The under-populated interior of Uruguay (some 92% of its inhabitants live in urban areas) is full of legends, memories and – if you care to believe in them – ghosts. In Valle Edén, a little south of Tacuarembó, a museum makes the case that Carlos Gardel, the most celebrated tango singer of them all, was born in Uruguay. But this is disputed: others believe he was born in France.

Whatever the truth, Gardel came into the world in 1890 or thereabouts, at a time when the figure most associated with the Uruguayan campo was exiting from the scene. Uruguay’s gauchos (the term is also associated with Argentina, of course, as well as the southern Brazilian state of Rio Grande do Sul) are sometimes referred to as a kind of Latin version of the North American cowboy.

But there are differences: From the earliest days of Spanish settlement adventurous youths, fleeing criminals, freed slaves and deserting soldiers disappeared into the largely lawless countryside. They tamed wild horses to ride, and slaughtered cattle that roamed the interior of the country which belong to no-one and everyone, catching their prey with lassoes and distinctive boleadoras, three balls connected by leather straps that would trap an animal by disabling its hind legs.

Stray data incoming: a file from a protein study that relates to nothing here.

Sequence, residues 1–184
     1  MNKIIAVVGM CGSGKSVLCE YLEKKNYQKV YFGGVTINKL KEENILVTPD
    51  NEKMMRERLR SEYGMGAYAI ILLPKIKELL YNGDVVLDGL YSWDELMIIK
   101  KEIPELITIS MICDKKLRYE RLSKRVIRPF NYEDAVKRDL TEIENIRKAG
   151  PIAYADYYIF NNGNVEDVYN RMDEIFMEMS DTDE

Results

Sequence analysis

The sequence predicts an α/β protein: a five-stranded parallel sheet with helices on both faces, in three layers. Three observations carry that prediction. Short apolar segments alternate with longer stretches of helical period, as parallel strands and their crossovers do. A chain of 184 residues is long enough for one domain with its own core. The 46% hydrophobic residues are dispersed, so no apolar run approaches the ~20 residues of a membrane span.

In the early years the men mixed with indigenous native-American women. Gauchos would congregate at pulperías, a mixture of drinking den and general store. In reality as as well as in the popular imagination, fights would often break out. A gaucho would resolutely defended his honour with his facón (knife) which he kept with him at all times.

The division of Uruguay into rural estates spelled the beginning of the end for the gaucho. Labourers were hired to mark and herd cattle on behalf of the estancieros (estate owners). The gaucho was, in effect, corralled by laws and the widespread introduction of private property. Some resigned themselves to working on the estates. Others refused to give up their nomadic existence and were pursued, often arbitrarily, by the authorities. The last traditional gauchos sought refuge in the hilly country to the south of the Río Negro in the departments of Cerro Largo and Treinta y Tres. But as the era of civil war in Uruguay dew to an end, their days were numbered.